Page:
Russia's Lake Baikal became extremely polluted by harmful toxic materials and anti-WWTP regulations
The largest freshwater lake in the world is facing extreme pollution.
The daily flow of toxic substances, mass tourism as well as the unnecessary regulations denying launch of wastewater treatment plants cause harm to the lake.
According to an assessment obtained by the Russian TASS news agency, more than 15,000 tons of toxic waste have flown into the Lake Baikal from the Selenga River since 2010. The situation is, whoever, far more dramatic as Ulan-Ude, an industrial city, discharges 56 million liters of sewage water into the Selenga river which is the largest flow into Baikal.
What is the problem
Lake Baikal is the largest freshwater lake. Given the water volume of 24,000 km3, it accounts for one fifth of the world's water reserve. Its uniqueness lies in more than 3,600 endemic species of plants and animals found nowhere else in the world.
Ulan-Ude industrial city causes pollution of the Selenga river which discharges toxic substances directly into the Lake Baikal.
These are the main causes why Lake Baikal needs to be protected and its pollution eliminated. The current situation, however, is just the opposite.
Both the daily flow of toxic waste and the unnecessary regulations harm the lake. The scientists at the Russian Academy of Sciences criticize the environment officials for the passage of regulations preventing the launch of wastewater treatment plants, the construction of which began already in 2017.
In paradox, the protection measures for Lake Baikal in Russia are stipulated by a special law. Russian government put 26bn rubbles (€385m euros) to fund the renovation and completion of the wastewater treatment plants in the region of Listvyanka and Ulan-Ude.
In 2017, ecologist Sergei Shapkhayev anxiously said for The Guardian that the strictness of laws is negatively compensated by the “optional” compliance. In other words, the allocated funds just disappear.
The amounts of chemicals from industrial areas and the corruption preventing the removal of those chemicals are not the only causes of the poor Baikal situation.
While the government funds the completion of the WWTPs, Russia’s Ministry of Natural Resources and Environment published a draft that increases the maximum permissible levels of entered toxic substances in the Lake Baikal.
Wastewater treatment plants could help eliminate the pollution.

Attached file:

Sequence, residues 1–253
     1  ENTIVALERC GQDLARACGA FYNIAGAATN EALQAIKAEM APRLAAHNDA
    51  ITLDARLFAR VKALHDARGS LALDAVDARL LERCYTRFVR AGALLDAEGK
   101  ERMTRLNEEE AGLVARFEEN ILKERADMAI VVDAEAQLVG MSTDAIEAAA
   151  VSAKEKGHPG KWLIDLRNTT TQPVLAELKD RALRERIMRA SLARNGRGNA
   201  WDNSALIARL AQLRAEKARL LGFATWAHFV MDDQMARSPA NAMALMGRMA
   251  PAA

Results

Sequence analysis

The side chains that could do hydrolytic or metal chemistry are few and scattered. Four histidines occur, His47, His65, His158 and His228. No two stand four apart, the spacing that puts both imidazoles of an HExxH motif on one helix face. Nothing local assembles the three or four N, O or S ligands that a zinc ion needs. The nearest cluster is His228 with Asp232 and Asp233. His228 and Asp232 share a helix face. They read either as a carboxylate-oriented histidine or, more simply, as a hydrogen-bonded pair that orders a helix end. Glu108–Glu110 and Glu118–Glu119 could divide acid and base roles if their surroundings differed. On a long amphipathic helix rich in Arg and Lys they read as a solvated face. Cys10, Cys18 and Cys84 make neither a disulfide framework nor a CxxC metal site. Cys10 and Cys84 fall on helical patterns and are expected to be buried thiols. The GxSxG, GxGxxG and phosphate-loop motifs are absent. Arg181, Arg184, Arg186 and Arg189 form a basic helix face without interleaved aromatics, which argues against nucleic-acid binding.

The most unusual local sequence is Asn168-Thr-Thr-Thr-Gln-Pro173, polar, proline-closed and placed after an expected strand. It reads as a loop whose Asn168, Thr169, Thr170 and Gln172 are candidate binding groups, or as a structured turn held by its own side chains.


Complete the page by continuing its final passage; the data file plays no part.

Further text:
In practice, the amounts of nitrates and anionic synthetic surfactants would increase 14 and 10 times. The level of chemicals derived from oil should double.
Aleksandr Kolotov, head of the environmental organization Rivers Without Borders, says that the current standards for the construction of wastewater treatment plants are related to the requirements on the quality of water discharged into Baikal.
Kolotov also told the Radio Free Europe that there are two different approaches to solving the problem: either to improve the purification technology, or lower the standard for the discharge of chemicals.
According to Kolotov, the officials decide to take the easier path, treating the site like an ordinary fishery reservoir.
When the “ice stands”
The ice is thick enough to walk on and dense enough to drive the car on. When these requirements are met, the locals refer to it as the “ice stands”. It is this thickness which allows people to explore Baika and enjoy a seemingly great experience but with a dark side.
The unique lake ecosystem is harmed by the mass tourism, too.
Recently, tourism has grown to such an extent it threatens the unique lake ecosystem. About 1.6 million people visited the lake from January to August 2018, including almost 300,000 foreigners. As the tourists need to be accommodated, hotels are springing up on the lakeshore like mushrooms.
The waste left by the visitors on the shore is one of the tourism-related issues. Water carries off the waste, endangering the rare plants and animals. To stop this new trend, the President’s Office announced it will artificially limit the flow of tourists.
Not only the rubbernecks but also poachers impose a threat to the ecosystem. The rare omul fish, which lives only in the Baikal Lake, is disappearing due to poaching.
Poachers fishing the rare species of omul fish to be found only in the Lake Baikal.
Some of the fishers do not hide the poaching and justify it with the mass violation of the ban, others are given away by the menus in the coastal restaurants. Almost every restaurant offers the omul fish. The same applies to the Baikal seal. The seal hunt is prohibited but local restaurants include the seal fat in their specialties.